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Images in Next.js


The tailwind starter blog has out of the box support for Next.js's built-in image component and automatically swaps out default image tags in markdown or mdx documents to use the Image component provided.


To use in a new page route / javascript file, simply import the image component and call it e.g.

import Image from 'next/image'

function Home() {
  return (
      <h1>My Homepage</h1>
      <Image src="/me.png" alt="Picture of the author" width={500} height={500} />
      <p>Welcome to my homepage!</p>

export default Home

For a markdown file, the default image tag can be used and the default img tag gets replaced by the Image component in the build process.

Assuming we have a file called ocean.jpg in data/img/ocean.jpg, the following line of code would generate the optimized image.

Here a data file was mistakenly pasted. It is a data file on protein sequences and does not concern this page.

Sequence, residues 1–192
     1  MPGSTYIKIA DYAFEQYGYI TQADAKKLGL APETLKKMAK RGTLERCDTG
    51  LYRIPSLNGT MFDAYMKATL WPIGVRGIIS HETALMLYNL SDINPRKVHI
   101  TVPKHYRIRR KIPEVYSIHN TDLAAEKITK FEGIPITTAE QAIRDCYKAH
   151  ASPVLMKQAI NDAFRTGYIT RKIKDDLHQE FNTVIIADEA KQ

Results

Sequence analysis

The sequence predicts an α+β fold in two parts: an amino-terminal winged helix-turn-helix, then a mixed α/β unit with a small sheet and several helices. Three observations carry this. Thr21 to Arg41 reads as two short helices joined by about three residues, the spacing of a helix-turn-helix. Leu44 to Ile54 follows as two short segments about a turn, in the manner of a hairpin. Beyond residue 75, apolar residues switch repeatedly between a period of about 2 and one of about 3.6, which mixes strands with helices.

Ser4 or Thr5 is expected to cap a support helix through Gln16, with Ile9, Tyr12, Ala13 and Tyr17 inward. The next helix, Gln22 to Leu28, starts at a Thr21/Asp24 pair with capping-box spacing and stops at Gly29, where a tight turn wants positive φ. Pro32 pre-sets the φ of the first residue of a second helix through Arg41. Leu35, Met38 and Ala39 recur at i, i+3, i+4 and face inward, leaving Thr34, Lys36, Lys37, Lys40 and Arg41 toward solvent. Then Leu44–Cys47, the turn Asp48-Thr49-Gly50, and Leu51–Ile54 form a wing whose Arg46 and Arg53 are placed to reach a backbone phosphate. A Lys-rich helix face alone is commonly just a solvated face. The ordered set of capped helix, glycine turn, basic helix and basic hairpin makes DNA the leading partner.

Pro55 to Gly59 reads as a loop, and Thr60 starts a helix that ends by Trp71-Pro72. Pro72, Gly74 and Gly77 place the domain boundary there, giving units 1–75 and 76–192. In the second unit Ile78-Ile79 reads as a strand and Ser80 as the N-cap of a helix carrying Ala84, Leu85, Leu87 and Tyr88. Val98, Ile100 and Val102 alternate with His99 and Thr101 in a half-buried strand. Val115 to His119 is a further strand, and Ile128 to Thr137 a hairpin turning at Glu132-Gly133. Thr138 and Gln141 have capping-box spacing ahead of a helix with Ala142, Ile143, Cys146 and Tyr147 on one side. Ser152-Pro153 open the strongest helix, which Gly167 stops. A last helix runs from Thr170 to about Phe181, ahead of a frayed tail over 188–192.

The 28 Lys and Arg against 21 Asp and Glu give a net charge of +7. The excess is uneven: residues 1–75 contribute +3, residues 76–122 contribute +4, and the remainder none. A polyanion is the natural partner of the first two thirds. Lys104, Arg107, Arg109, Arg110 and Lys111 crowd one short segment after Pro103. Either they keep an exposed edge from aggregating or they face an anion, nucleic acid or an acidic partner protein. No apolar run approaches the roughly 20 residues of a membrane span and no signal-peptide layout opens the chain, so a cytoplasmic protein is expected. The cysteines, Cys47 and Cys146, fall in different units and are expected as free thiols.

Alternatively, since we are using mdx, we can just use the image component directly! Note, that you would have to provide a fixed width and height. The img tag method parses the dimension automatically.

<Image alt="ocean" src="/static/images/ocean.jpg" width={256} height={128} />

Note: If you try to save the image, it is in webp format, if your browser supports it!


Photo by YUCAR FotoGrafik on Unsplash


  • Smaller image size with Webp (~30% smaller than jpeg)
  • Responsive images - the correct image size is served based on the user's viewport
  • Lazy loading - images load as they are scrolled to the viewport
  • Avoids Cumulative Layout Shift
  • Optimization on demand instead of build-time - no increase in build time!


  • Due to the reliance on next/image, unless you are using an external image CDN like Cloudinary or Imgix, it is practically required to use Vercel for hosting. This is because the component acts like a serverless function that calls a highly optimized image CDN.

    If you do not want to be tied to Vercel, you can remove imgToJsx in remarkPlugins in lib/mdx.js. This would avoid substituting the default img tag.

    Alternatively, one could wait for image optimization at build time to be supported. A different library, next-optimized-images does that, although it requires transforming the images through webpack which is not done here.

  • Images from external links are not passed through next/image

  • All images have to be stored in the public folder e.g /static/images/ocean.jpeg